It's no secret that health care costs too much. Most small-business owners in Massachusetts can't help but feel a lot less secure each year when the time comes to renew or re-evaluate their insurance coverage. They wonder why on Earth premiums continue to shoot through the roof, especially when we're in the midst of a recession that has brutalized small businesses and working families.
According to a report last year, health spending per person in Massachusetts has increased faster than the national average in seven of the last eight years. Our state was already one of the most expensive places in the country in which to operate a small business before our version of health care reform in 2006. Now, it's probably going to get even worse.
Gov. Patrick and our Legislature deserve credit for talking about reducing premiums. Unfortunately, their solution doesn't get at the underlying problems.
For owners of small businesses, it's critically important that something sustainable is done now. NFIB represents 8,000 small and independent business owners throughout the commonwealth. Skyrocketing health care premiums are damaging their companies. They cannot increase wages, expand employee benefits or afford to buy new equipment.
Small-business owners are the state's job creators in an economic recovery. But rising health care costs are costing our state thousands of jobs and forcing our state's economy to flounder at a time when small businesses should be strengthened to help lead a recovery in Massachusetts.
Proposals to arbitrarily cap premium increases are not the right answer for Massachusetts. It is true that capping premiums may limit the amount that small-business owners and working families would pay for their coverage in the short term. This would seem to be a straightforward way to give people much-needed relief. After a closer look, however, it becomes clear that this proposal is nothing more than Beacon Hill playing politics with our health.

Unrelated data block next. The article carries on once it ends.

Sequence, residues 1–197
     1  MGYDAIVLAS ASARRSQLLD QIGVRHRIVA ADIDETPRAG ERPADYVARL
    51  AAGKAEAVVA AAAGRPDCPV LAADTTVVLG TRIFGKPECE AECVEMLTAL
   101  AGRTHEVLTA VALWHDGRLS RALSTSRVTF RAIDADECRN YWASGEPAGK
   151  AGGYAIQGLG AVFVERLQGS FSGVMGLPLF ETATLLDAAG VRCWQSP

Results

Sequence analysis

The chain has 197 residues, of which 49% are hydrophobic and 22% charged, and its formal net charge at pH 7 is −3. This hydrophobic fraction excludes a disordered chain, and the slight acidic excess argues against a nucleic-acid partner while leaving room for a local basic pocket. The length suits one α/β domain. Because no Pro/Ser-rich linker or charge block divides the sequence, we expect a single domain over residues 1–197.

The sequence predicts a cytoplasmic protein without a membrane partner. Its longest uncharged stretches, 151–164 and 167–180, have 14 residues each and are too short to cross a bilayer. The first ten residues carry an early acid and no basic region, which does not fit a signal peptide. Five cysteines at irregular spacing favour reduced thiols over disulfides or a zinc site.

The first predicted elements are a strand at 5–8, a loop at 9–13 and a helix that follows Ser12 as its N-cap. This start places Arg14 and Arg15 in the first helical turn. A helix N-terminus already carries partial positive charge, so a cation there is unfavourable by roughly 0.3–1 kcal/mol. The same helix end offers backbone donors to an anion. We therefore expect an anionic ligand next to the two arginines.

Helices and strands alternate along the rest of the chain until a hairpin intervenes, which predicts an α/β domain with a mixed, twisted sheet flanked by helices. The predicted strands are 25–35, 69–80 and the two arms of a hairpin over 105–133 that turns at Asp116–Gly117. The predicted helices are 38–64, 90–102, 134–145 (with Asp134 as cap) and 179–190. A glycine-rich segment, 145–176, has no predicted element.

Caps on premiums don't address the underlying real issue: the relentless rise in the cost of medical services that are causing premiums to shoot up in the first place. What's worse: Premium caps are nothing more than price controls that will soon restrict our choice of doctors and hospitals. Price controls have a disastrous track record from the early 1970s, which we simply cannot afford to repeat in 2010.
Everyone agrees that health care costs too much. But the issue is far too important to settle on a one-sided solution that would make things even worse for thousands of businesses and their employees. Instead of artificially capping insurance premiums, which could have a devastating effect on our health security, Beacon Hill should be talking about how to make the cost of medical care more affordable.
All small-business owners want is for government to allow insurers to compete for our business with a variety of products that fit our businesses' work force and budget. Regulations that limit choice should be loosened to permit options for small businesses. Individuals and small businesses should be given access to information about hospital and doctor costs, and results.
Competition and choice is the world in which small-business owners operate and succeed. We believe state government should abandon its ill-fated and one-sided efforts to control health care costs and seek real, immediate and comprehensive relief involving all parties for the future of our state's economy.
Now is the time to solve the unfinished business of health care reform: costs.
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Bill Vernon is Massachusetts director of the National Federation of Independent Business, a small-business advocacy group.